“Listening to the MP that I had a chance to meet was interesting,” said Phil. 

“He was a new MP, from country Victoria and he was very, very excited to be meeting the scientists and me. He was also very proud to say that he had a science degree in agriculture. 

“One of the things he’s on a mission to do was to get rid of this notion that he keeps hearing around the place that “the science is settled”. This was encouraging to hear. For those of us who care about the matter of what science is, it’s common to understand that science doesn’t settle things, science is never satisfied. Scientists always state: “But, what if”. It’s an important message, that this isn’t a weakness of science. But it’s a strength; that we don’t know for sure and that we use the evidence,” said Adam.

Key takeaways:

  • Use the MPs in your local region. (Think about the MP that’s the contact for both the scientists and end users/advocates.) 
  • Connect with specific portfolios, look at committees that are going on at the moment, or what inquiries are happening. 

What are MPs really like?

Living their lives as representatives of their constituents and leaders on a national stage, MPs are generally knowledgeable and able to talk with people from any background.

Phil said: “Pollies generally have a good working knowledge of issues already – they were not a blank slate on which I could write new science knowledge. They see issues arising from a good way away and get on top of them.”

According to Claire, they are ‘people people’, saying “a big part of the job is to listen and comprehend different issues to implement (or block) policy.

“The meeting I had with Senator Jessica Walsh showed me that she was extremely interested in hearing from scientists. I was with an Associate Professor and PhD student in the field of health/medicine. Senator Walsh was very engaged and intelligent and I heard this same observation from a lot of SMP delegates about the people they met with,” said Claire.

Adam had an energetic meeting with his MP and walked away feeling that there was genuine interest and enthusiasm from MPs in meeting working scientists and communicators.

“They want to hear our stories and share theirs. I would hope this would make Parliamentarians more receptive to response to letters or meeting requests down the track. It will be interesting to hear if that’s the case,” said Adam.

Opportunities for science communication, as a profession

“Certainly much opportunity to be involved and show leadership in all the current ‘dialogue’ around STEM (i.e. engaging more/all Australians; reaching under-represented cohorts and the like). The risk is not being active enough! As this is the very work many science communicators are committed to. For example, can we do more to promote wide participation from our various members / audiences in the current Diversity in STEM Dialogue Starter?”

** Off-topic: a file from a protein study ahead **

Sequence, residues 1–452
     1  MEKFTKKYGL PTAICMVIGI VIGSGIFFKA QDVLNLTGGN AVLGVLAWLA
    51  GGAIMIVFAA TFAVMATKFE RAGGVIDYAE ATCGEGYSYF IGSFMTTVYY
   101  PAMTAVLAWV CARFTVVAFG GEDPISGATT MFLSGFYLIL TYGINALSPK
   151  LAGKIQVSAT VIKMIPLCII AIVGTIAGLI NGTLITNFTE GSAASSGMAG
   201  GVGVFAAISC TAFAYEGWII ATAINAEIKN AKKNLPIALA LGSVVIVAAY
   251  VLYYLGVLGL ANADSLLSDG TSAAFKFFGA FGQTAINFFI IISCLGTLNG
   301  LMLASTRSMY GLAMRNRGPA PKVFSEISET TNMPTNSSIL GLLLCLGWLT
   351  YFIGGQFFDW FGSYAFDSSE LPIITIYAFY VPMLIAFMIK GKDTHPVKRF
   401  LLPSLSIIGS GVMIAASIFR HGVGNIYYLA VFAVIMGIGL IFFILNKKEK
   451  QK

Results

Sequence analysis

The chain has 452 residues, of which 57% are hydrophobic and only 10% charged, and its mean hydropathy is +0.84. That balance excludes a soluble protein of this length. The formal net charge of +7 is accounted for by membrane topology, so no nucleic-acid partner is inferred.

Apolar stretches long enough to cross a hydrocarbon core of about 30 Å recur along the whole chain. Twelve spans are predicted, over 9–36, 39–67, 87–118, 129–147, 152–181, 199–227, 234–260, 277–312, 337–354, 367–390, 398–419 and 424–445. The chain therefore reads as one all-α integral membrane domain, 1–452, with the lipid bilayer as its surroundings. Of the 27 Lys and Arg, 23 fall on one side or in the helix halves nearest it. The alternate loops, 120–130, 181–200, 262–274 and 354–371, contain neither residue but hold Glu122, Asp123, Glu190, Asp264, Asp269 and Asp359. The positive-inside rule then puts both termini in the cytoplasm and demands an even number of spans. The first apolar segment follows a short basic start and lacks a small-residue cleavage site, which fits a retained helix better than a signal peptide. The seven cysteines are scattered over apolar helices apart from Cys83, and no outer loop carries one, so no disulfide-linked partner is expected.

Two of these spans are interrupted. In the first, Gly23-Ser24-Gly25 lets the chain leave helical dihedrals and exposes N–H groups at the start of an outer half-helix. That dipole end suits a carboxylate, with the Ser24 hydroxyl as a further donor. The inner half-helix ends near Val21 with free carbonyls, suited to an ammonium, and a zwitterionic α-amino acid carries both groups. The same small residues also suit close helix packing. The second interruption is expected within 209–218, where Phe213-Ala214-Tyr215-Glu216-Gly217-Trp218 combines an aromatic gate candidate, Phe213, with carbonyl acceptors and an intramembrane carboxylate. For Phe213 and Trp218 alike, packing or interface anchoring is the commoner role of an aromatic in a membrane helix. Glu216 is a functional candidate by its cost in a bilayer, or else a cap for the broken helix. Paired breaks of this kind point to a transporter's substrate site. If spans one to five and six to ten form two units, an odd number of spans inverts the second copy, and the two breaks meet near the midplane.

– Adam Selinger

“With all the momentum behind STEM, now is a great opportunity to develop a narrative around what is good science communication and / or best practice science communications guidelines. It’d probably be good to do this in conjunction with STA/others, leveraging their reach, to help elevate the profession and to demonstrate the value of expertise.”

– Preeti Castle

“If the STA material was anything to go by, scientists need a bunch more familiarisation with how to talk to people with different values to themselves (i.e. policymakers)”

– Phil Dooley

“I think there’s an opportunity (and a need) to address the lack of understanding of how much professional science communicators can assist scientists and science organisations to engage with political and government systems and processes. We need to better demonstrate how communication, education, engagement – the bridging work – can add value and to guide investment, rather than accepting the status quo.”

– Claire Harris

More sophisticated investment in science communication needed

It’s probably less clear if parliamentarians understand and can make use of science communicators. Science communicators can be incredibly valuable for producing engaging stories, but it can go deeper than that, according to Claire.

“Science communicators understand different contexts and translating between areas. While there’s frequently encouragement or imploring of scientists to ‘tell your story’, ‘engage with kids’, and ‘talk in the media’, I’ve been hearing this for 20 years,” she said.

“I wanted leaders in these organisations to be able to say: ‘We need this communication and this is how we’re incentivising it. This is how we’re making it possible for scientists and technologists in these different organisations to do this’. It would move the action forward, rather than asking everyone else for it to happen. I feel like this is where ASC and science communicators can really step in and say, ‘Look, we need to bridge these gaps and this is how we can do it. This is how you can invest. This is how we can have an impact,’ said Claire.

Phil agreed saying, “Communication is often such an afterthought. We need to plan things from the beginning and make them more organised.”

Preeti added, “It’s so important to have an end-user perspective and think about the purpose or why you’re telling the story.”